The report said that reflects Beijing's effort to degrade Taiwan's air force through wear and tear and heavy requirements on its personnel. It said the strategy also includes cyberwarfare, propaganda and a campaign to isolate Taiwan internationally to force it to accept China's terms without engaging in a shooting war.

China and Taiwan separated during a civil war in 1949. While the U.S. cut formal diplomatic relations with Taipei in 1979 in order to recognize Beijing, Washington is committed by law to ensure the island can defend itself and to treat all threats toward it as matters of grave concern.

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On this day in 1965 ...

A failure of a relay device of Ontario Hydro's Queenston generating station triggered a massive power failure. The outage extended from the Atlantic coast of the United States to Chicago, and from southern Ontario to Florida, lasting up to 12 hours. Officials attributed the blackout to a failure on a 345,000-volt line south of Niagara Falls, N.Y.

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In entertainment ...

TORONTO — Kaya Usher is releasing an album later this month that she calls part of the "healing journey," more than four years after her husband Gord Downie's death.

The Toronto musician collaborated with two of her children and Broken Social Scene's Kevin Drew to create "All This Is," her 10-track debut set for release on Nov. 17.

Usher says the mostly instrumental record is shaped by the spiritual recovery that she embarked on after being diagnosed with breast cancer nearly a decade ago.

Kaya, who was born Laura Leigh Usher, saw the disease from a different perspective when Downie faced terminal brain cancer in late 2015. She says "All This Is" captures the love, connection and "real strength" that can be fostered after a significant loss.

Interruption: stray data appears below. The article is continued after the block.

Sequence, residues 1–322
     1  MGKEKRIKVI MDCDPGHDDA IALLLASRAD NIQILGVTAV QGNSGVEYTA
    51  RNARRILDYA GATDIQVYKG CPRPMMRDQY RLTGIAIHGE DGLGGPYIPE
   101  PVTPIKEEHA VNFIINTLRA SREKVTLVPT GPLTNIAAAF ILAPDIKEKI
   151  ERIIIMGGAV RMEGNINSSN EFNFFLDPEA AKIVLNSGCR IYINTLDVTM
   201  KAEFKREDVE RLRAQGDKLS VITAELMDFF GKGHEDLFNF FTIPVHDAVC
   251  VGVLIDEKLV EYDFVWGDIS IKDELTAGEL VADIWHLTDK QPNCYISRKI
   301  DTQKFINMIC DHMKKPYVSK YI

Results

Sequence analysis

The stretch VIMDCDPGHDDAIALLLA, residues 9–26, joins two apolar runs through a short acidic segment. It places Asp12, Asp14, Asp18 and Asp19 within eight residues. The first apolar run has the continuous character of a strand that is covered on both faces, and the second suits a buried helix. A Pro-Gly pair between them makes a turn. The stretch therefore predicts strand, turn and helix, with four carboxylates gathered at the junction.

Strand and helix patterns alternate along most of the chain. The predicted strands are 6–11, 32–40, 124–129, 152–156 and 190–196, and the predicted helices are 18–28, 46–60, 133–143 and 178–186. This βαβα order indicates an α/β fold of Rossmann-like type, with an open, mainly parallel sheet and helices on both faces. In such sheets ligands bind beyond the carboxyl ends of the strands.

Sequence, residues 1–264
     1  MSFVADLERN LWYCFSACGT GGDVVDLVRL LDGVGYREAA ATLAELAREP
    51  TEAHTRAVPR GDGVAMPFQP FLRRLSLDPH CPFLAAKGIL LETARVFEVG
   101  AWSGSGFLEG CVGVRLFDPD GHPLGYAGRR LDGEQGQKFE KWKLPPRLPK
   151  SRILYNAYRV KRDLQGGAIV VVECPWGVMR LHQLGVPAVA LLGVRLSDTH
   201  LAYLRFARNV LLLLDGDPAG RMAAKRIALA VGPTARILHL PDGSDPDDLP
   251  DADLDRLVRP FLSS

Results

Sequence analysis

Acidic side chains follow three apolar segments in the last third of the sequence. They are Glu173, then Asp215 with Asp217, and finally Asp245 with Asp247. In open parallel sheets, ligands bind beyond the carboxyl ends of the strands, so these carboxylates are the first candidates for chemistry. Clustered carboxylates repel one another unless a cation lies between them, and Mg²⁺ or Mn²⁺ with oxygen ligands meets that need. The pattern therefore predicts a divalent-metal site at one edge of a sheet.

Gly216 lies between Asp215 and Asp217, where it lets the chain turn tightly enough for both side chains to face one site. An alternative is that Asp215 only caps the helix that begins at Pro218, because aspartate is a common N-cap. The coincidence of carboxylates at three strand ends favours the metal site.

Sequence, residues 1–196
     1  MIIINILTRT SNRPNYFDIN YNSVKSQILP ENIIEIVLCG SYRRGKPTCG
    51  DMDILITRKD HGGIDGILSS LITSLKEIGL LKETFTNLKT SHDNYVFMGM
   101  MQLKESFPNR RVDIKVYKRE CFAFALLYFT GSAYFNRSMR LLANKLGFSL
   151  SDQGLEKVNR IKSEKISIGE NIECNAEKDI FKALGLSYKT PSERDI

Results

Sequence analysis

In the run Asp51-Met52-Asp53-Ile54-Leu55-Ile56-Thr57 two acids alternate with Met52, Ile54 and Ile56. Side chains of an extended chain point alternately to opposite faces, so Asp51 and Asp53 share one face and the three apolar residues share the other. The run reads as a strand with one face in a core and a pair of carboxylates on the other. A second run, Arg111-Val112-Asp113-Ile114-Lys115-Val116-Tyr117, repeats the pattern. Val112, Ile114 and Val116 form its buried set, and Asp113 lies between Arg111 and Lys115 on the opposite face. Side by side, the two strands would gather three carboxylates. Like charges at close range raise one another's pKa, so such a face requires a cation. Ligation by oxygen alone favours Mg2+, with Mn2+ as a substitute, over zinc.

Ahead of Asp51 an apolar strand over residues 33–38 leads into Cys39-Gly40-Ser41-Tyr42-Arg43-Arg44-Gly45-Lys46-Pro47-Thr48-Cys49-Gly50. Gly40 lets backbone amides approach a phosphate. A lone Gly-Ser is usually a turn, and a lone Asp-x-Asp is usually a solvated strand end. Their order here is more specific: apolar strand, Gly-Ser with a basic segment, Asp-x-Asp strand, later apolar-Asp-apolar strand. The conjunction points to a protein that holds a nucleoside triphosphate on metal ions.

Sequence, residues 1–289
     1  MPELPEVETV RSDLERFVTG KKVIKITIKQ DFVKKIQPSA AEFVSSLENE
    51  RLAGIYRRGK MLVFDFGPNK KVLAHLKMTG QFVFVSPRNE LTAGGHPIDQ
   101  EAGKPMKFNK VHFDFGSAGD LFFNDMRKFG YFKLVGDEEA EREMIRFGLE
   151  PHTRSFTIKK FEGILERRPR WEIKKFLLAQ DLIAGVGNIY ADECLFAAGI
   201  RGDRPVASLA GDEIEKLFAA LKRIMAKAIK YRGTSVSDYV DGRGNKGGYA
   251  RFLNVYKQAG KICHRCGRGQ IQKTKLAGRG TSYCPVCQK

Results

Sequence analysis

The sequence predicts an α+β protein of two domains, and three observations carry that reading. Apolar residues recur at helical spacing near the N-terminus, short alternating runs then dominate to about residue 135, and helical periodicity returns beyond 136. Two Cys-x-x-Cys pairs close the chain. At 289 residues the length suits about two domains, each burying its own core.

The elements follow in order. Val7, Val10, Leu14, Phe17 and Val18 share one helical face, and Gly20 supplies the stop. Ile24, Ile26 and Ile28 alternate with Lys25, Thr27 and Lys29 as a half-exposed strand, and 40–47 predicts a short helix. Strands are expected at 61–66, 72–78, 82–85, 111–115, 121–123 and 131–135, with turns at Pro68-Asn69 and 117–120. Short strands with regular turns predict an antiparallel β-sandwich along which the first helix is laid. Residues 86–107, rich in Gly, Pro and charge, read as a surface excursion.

The album also makes an effort to realize what she says was a shared dream with Downie of one day forming a family band. Two of their four children play on the tracks, with their 21-year-old son Lou on keyboards and drums and their 26-year-old daughter Willo on harmonies.

"All This is" was produced earlier this year at the Tragically Hip’s famed Bathouse studio in Bath, Ont.

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ICYMI ...

MYRTLE BEACH, S.C. — Instead of a message in a bottle, it was the decals on a trash can that tell the story of a 5,600-kilometre voyage from South Carolina to Ireland.

Officials with Myrtle Beach say a waste barrel somehow floated away from their the coastal city and washed up in County Mayo, on Ireland's northwestern coast.

The city says Keith McGreal wrote to them that he'd spotted a bright blue barrel with city stickers on it "and thought it would make a good news story."

"I wanted to share some images of a Blue Trash barrel that has been washed up on our local beach," McGreal wrote, according to an exchange the city posted online.

City officials posted McGreal’s photos of the barrel, bearing shell encrustation and other signs of maritime immersion.

The city says the barrel likely got swept off the beach during a storm.

"We typically remove trash containers from the beach before a hurricane, but this one apparently had a mind of its own," they said, adding that they'd "already had a city employee volunteer to come fetch it."

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This report by The Canadian Press was first published Nov. 9, 2021.

News from © The Canadian Press, 2021
The Canadian Press